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NBA Draft 2012 Prospect Profile: Kendall Marshall

Mandatory Credit: Frank Victores-US PRESSWIRE
Mandatory Credit: Frank Victores-US PRESSWIRE

Orlando Pinstriped Post turns its attention to the 2012 NBA Draft with a look at mid-tier draft prospects who might be available when the Orlando Magic select 19th overall. Previously in the series: Meyers Leonard, Terrence Jones, Arnett Moultrie, Moe Harkless, Doron Lamb, Tony Wroten, Jeffery Taylor, Andrew Nicholson, and Marquis Teague.

Kendall Marshall finished his North Carolina career as arguably the greatest passer in the college game. Over his two seasons at Chapel Hill, the Arlington, Virginia native averaged eight assists to just 2.3 turnovers in 28.8 minutes per game. In each of his two seasons, he led the Atlantic Coast Conference in assists per game, and in 2011/12 he finished second to only Scott Machado of Iona nationally. "It's hard to overstate how good of a passer he is," writes Joseph Treutlein of DraftExpress, "and how great a feel he has for managing a game."

Indeed, Marshall is a floor general in every sense of the term, and at 6-foot-4 he'll enjoy a significant size advantage over even NBA competition.

Though a brilliant passer with great potential at the NBA level, a few facets of Marshall's game need significant work. For one thing, he's mediocre-at-best when it comes to creating his own offense: "Marshall's 7.9 points per 40 minutes pace adjusted ranks second worst of all players projected to be drafted this season," Treutlein says, "and his 55% True Shooting Percentage is towards the bottom as well." Further, the infrequency with which Marshall looks for his own offense skews his turnover stats, making them look better than they really are.

Treutlein notes that Marshall's facility as a jump-shooter off the catch could make him an off-ball threat offensively, a positive sign.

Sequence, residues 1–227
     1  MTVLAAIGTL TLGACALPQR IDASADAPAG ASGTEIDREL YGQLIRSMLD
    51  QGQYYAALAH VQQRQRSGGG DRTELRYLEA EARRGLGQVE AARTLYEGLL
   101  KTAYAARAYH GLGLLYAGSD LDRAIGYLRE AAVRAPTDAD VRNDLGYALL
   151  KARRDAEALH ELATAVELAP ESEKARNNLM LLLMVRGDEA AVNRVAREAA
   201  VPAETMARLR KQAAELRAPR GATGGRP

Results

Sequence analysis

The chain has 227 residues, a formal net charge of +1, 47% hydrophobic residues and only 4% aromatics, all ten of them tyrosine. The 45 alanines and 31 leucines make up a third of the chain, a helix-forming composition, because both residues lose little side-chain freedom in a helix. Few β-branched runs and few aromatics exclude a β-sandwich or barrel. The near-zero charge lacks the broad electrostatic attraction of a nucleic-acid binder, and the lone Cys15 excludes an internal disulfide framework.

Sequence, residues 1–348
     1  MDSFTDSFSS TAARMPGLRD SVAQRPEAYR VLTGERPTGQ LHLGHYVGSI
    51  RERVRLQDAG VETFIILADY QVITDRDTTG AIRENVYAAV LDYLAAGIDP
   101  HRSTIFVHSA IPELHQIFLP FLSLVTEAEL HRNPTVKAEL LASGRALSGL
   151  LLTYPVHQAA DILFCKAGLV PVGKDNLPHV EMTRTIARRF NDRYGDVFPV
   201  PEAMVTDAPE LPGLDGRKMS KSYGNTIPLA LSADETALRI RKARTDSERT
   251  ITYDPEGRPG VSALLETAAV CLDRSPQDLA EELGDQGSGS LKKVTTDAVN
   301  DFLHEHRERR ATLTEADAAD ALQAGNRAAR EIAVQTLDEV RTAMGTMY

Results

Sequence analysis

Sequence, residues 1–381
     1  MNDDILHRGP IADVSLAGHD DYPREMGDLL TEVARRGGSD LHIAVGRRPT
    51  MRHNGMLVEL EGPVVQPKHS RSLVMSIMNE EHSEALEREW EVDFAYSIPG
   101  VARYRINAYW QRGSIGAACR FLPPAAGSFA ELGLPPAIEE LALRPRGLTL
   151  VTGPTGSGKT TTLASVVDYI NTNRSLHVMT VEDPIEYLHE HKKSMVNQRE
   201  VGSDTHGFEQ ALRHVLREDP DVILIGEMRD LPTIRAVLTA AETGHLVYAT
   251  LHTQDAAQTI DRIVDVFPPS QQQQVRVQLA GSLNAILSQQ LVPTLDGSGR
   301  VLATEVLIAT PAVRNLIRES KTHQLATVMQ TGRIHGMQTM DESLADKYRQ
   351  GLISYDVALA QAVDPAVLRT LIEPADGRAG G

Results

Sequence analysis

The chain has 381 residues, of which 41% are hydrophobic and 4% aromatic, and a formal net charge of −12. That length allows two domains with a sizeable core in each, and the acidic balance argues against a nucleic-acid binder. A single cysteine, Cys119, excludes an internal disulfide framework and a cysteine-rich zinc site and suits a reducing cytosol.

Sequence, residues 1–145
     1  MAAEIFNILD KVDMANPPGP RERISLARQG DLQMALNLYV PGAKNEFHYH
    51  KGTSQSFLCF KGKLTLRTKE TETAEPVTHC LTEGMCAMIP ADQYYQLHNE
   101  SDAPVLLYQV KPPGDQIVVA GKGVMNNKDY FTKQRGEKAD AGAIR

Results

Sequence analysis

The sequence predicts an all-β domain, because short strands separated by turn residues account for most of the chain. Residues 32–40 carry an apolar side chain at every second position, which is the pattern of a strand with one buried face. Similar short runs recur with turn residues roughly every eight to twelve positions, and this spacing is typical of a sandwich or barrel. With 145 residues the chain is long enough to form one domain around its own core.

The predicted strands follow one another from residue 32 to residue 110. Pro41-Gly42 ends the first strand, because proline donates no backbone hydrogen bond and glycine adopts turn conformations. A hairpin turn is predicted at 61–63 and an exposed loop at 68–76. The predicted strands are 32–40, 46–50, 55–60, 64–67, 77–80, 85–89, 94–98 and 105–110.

Mike Schwartz, also of DraftExpress, spoke with Marshall and Tar Heels coach Roy Williams about the youngster's strengths and weaknesses, and the video breakdown is illuminating, as it highlights Marshall's exceptional tempo-pushing skill. Williams says he "can't imagine" a better point guard for a fast-breaking team than Marshall. But it also sheds light on his ability to run a half-court offense and exploit mismatches.

The video also calls to attention Marshall's offensive deficiencies, namely his struggles to turn the corner in pick-and-roll situations. That same lack of athleticism makes it difficult for him to check opposing point guards at the other end; he's simply not a great athlete.

Why he fits for Orlando:
The Magic's only point guard with a guaranteed contract for the 2012/13 season is the veteran Chris Duhon, arguably the league's most ineffectual backup for the last two seasons. Longtime starter Jameer Nelson may or may not return, depending on what he does with his player option. Orlando will certainly need depth at that position, and they could do far worse than to draft the best quote-unquote pure point guard in his class.

Why he's not a fit for Orlando:
It's hard to envision a scenario in which Marhsall wouldn't work out beautifully in Orlando, given his ability to play at all paces, so the coaching philosophy of whomever the Magic hire to replace Stan Van Gundy should not limit him. The real question is if Marshall will even be on the board when Orlando selects 19th overall. If he is, then selecting him is a no-brainer for the Magic's new General Manager.

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